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When Yola Monakhov was a little girl in Moscow in the Seventies, her parents sent her out in the dead of winter with a handful of kopeks to get ice cream. Coming home, she says, she was overtaken by a gang of punks who pulled her hat over her eyes and stole her ice cream. “When I came home in tears,” she says, “my parents gave me more kopeks and sent me back out.”
It’s been almost 30 years since those days, and Monakhov is now a photographer in New York. So much has happened since that distant winter: She immigrated to New Jersey with her family; studied Italian literature at Columbia University; photographed the war in Kosovo and then the U.S. invasions of Afghanistan and Iraq, and always—always—found herself thinking about, and then going back to, Moscow, going back into the cold, exploring a part of her that never grew up.
In December, Monakhov, 33, who has shot for The New York Times and Newsweek and is a regular contributor to The New Yorker, returned again to Russia to shoot a series of portraits. (Full disclosure: This writer was one of Monakhov’s subjects.) Her show (as yet untitled) runs May 1 to June 21 at the Sasha Wolf Gallery in New York’s TriBeCa. Monakhov’s pictures include oligarchs’ wives and girlfriends, artists, old people, middle-aged people and ordinary people. Most of the images come from Moscow, but there are also pictures from Saint Petersburg, Yekaterinburg and elsewhere.
“A person I photograph is not interesting to me because he is a rich Russian or a young Russian, but because of the opportunity to have a woman, for instance, entrust to me the depiction of her, or something in her spirit,” she says. “It is a conquest that I make, but, I hope, an honorable one. And it is not a coincidence that most of my subjects are women.”
Monakhov is discussing her upcoming show over a lunch of baba ghanoush and lamb kebabs at Marakesh. Outside is Pushkin Square, which seems somehow appropriate: The square, at the intersection of Tverskaya Ulitsa and the beautiful Bulvar (or Boulevard), has always been a locus and symbol of discontent, reflection, revolt, piercing images. This is where the democratic opposition congregated in the last years of the Soviet Union; it is where today’s activists like to meet, waving banners and megaphones.
She talks about Russian faces. She remembers that, after her father returned to Moscow in the Nineties, he was so excited riding the metro and seeing all the Russian faces with their different hues and shapes and dispositions, faces you couldn’t find so easily in the U.S. Monakhov is more reticent about defining a Russian or non-Russian face, however.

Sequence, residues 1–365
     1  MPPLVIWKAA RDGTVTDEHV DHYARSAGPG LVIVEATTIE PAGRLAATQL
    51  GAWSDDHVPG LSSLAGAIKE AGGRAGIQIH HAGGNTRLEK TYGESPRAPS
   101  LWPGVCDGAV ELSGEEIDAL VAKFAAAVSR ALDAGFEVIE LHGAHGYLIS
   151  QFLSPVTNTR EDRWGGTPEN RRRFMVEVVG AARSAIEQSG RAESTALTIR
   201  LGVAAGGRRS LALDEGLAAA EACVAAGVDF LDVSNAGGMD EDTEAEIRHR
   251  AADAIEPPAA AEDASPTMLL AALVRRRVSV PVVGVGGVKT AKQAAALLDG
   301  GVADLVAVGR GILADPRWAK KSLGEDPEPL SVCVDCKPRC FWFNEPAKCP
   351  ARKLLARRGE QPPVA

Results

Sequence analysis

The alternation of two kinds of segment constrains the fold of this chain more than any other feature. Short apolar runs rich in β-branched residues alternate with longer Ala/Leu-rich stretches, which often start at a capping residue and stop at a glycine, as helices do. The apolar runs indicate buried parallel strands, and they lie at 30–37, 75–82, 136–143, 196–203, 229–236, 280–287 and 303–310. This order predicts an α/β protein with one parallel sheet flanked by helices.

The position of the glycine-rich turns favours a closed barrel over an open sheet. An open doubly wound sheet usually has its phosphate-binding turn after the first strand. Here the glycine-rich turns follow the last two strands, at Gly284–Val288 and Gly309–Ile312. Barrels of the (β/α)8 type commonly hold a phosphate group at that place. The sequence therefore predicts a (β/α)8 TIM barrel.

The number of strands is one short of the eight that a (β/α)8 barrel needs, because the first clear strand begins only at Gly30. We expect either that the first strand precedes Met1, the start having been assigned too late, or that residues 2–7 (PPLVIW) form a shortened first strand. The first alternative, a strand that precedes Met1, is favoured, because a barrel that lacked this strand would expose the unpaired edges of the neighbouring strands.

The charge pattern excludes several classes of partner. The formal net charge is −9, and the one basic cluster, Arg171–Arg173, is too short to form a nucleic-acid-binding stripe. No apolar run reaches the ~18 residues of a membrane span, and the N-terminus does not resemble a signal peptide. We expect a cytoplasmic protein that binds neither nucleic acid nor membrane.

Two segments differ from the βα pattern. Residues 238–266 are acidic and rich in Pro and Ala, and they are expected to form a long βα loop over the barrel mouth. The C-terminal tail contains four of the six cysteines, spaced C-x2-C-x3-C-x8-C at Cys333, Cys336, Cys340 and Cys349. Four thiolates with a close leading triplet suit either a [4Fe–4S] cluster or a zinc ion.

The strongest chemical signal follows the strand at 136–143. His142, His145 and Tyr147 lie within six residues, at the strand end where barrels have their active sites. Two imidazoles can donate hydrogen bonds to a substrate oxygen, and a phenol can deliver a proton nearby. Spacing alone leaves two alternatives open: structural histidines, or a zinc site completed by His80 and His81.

“There are so many ethnicities woven into the fabric of the Soviet Union, and they flourish today, with many diverse people living in Moscow,” says the photographer, who is half Russian and half Jewish. “I myself get taken for Chinese, or sometime for Latina, and I value this mutt nature of the Russian face, the classic Russian at war with the not-classic.”
What does it mean to be Russian, Monakhov asks, when so many Russians are a complicated mix of peoples and places—Slavs, Jews, Armenians, Buryats?
More captivating to her than ethnic delineation is the history or natural surroundings imprinted on her subjects’ profiles, the ways in which a face actually conforms to its environment.
“One thing I love is to think I see certain things in people’s faces and gestures, such as the sea in the people of Murmansk”—in Russia’s far north, on the Barents Sea—“or potatoes and tallow candles in someone still young, or a deep literacy. Russians will often say of a given individual that he or she has an intelligent face. This is something I value.”
As for the country’s capital, it’s taken for granted by many that Moscow is not Russia, that the city, with all its wealth and power and neon lights, is not simply bigger and brasher (like Paris, London or New York), but somehow deeply, both by character and physiognomy, removed from the rest of the country. Is this true?
Monakhov is not so bold (or naïve) to try to answer this question once and for all. What’s clear, she says, is the tension, the convoluted history, between Moscow and the rest of the country, a tension that can be seen in Muscovites, in their behaviors and faces and the way they speak and think and even feel. This has made photographing them more challenging and colorful.
“Moscow is a great city,” she says. “It is so much more than can be comprehended by a mere outsider like me, as much as I claim to be a Muscovite.”
Sasha Wolf, whose gallery will host the exhibit, says of Monakhov: “There’s often a subtle playfulness or daring in her compositions. But, aesthetics aside, there’s always an authenticity of subject that pushes through to the foreground. It’s this authenticity, above all else, that I really love.” Wolf says it’s unknown how many images will be displayed. The average price tag for a photograph, she says, is $2,200.
Back at Marakesh, Monakhov is sounding burdened by the weightiness of her subject matter. Russia, as she well knows, is infinitely deep, pained, suffering, joyful—teeming with emotion. There is a fatalism and a pessimism and a hopelessness wrapped in poetry, all of which must be daunting for any photographer to try to capture.
All around are New Russians sporting Dolce & Gabbana jumpsuits and smoking hookahs and laughing uproariously. Outside, the sky has turned white, vast.
“The Russian tends toward modesty in the face of greater forces,” Monakhov says. “There’s a common expression: ‘We make plans; God makes decisions.’ These relationships between the great forces—leadership, the gifts and privations of the divine, the stain of history, the chances for consolation—are visible to the observant eye, and I wish to make them visible in my photographs.”